The Public Services Card has dominated headlines across the country in recent weeks as it is now becoming compulsory to carry one in order to avail of other public services further to social welfare.
The card was introduced in 2011 and was initially rolled out to people getting social welfare payments. It is now being rolled out to other public services.
Pictured: The controversial Public Services Card
The front of the card holds a person’s name, photograph and signature, along with the card expiry date. The back of the card holds the person’s PPS number and a card number. It also holds a magnetic stripe to enable social welfare payments such as pensions to be collected at post offices.
So what is the card being used for at the moment?
- Accessing all Department of Social Protection payments, including the State pension, jobseekers' allowance and child benefit
- Taking the driver theory test
- First-time adult passport applications
What will the added uses be?
- To avail of new dental and optical benefits being brought this year
- Applying for student grants to SUSI for 2018/2019
- Applying for all types of driving licences from April 2018
- Applying for a passport, including renewals from the end of 2018
- Optional use as an 'age card' from 2018
Who will have access to your information stored on the card?
The card contains personal details like your name, address and PPS number, and the latest information available suggests that as per 2005 legislation, 100 public entities will have access to the information, including Revenue, An Post, hospitals and all government departments.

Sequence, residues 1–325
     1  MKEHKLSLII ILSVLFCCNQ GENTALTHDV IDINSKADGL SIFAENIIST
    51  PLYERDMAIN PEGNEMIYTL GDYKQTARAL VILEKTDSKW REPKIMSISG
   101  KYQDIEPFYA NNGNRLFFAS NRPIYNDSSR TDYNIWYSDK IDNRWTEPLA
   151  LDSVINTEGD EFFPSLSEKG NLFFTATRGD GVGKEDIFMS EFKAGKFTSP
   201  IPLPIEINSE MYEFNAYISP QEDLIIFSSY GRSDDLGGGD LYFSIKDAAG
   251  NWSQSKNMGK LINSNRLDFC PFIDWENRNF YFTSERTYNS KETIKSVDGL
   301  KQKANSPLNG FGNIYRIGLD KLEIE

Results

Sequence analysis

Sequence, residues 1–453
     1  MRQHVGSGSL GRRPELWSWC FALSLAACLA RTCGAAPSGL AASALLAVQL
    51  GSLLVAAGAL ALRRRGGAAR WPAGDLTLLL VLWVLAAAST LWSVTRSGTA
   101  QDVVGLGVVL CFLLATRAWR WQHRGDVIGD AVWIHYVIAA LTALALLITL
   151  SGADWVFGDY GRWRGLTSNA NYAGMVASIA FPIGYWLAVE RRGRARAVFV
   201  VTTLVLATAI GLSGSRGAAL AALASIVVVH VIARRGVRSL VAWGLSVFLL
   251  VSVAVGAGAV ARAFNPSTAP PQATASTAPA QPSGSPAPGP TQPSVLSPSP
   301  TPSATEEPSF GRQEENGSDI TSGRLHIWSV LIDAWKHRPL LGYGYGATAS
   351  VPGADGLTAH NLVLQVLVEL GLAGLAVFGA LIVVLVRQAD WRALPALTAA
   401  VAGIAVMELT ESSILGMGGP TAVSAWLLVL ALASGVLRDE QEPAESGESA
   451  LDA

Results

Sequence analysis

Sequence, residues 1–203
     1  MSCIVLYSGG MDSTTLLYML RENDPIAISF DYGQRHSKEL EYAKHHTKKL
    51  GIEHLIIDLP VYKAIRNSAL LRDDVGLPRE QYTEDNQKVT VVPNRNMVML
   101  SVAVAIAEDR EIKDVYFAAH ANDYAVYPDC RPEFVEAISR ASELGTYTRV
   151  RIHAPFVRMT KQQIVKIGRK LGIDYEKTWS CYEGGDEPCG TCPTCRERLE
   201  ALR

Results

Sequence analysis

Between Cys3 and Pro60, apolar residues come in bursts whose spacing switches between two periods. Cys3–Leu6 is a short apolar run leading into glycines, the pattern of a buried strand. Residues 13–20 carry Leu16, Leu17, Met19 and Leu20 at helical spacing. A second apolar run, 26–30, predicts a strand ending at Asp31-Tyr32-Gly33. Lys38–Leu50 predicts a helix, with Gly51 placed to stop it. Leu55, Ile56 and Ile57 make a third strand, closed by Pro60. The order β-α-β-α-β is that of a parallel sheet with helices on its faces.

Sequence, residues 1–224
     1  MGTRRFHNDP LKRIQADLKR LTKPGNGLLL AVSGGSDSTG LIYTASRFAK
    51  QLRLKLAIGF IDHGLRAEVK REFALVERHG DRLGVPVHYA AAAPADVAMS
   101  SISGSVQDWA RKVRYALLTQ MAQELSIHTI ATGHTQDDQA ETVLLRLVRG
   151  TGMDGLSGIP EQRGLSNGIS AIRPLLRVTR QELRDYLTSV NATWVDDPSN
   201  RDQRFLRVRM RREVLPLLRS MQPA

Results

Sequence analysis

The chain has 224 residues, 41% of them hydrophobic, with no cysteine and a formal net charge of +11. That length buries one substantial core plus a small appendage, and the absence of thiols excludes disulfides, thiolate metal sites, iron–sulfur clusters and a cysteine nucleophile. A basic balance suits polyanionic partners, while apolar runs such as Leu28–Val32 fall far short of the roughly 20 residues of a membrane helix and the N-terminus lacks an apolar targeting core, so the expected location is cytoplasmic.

Is your information safe from outside bodies?
The only answer here is a commitment given by the Department of Social Protection that guarding people's private information is a priority for them.
So, what's all the fuss about?
The criticism is that the government is making the Public Services Card a national ID card without explicitly saying so. Regina Doherty has said that people will not be dragged "kicking and screaming" to get a card, and yet it will be required to avail of vital public services like applying for a license or passport.
It will also be compulsory to have one to draw certain social welfare parents, meaning that despite having the card not being a legal requirement, it will in fact be a necessity and inevitability for most people.
The other issue is cost. It's estimated that by 2015 the rollout of the card had cost around €60 million and will continue to rise as more people apply and are issued with them. The rationale behind the card from the government angle is that it will streamline service provision and crucially, prevent fraud.
To this end, between €2-4 million is estimated to have been saved through the prevention of fraud since the introduction of the card since 2011. Commentators have thus suggested that savings made in this way will be far outweighed by the administrative costs involved in the card itself.
The public outrage currently washing over the the country is centred on trust, or the lack thereof on behalf of citizens and government. People are concerned about their personal information being safe, and they question the ability of the Department of Social Protection to maintain such safety.
In 2014, the outgoing Data Protection Commissioner Billy Hawkes said he was "entirely unsatisfied with the arrangements in place for the oversight of personal data in the Department of Social Protection."
This controversy is set to rumble on as the government and Social Protection Minister, Regina Doherty justify the extensive use of the card, and others label it the beginning of a police state and a major data protection issue.
For more information about the Public Services Card, you can click here.
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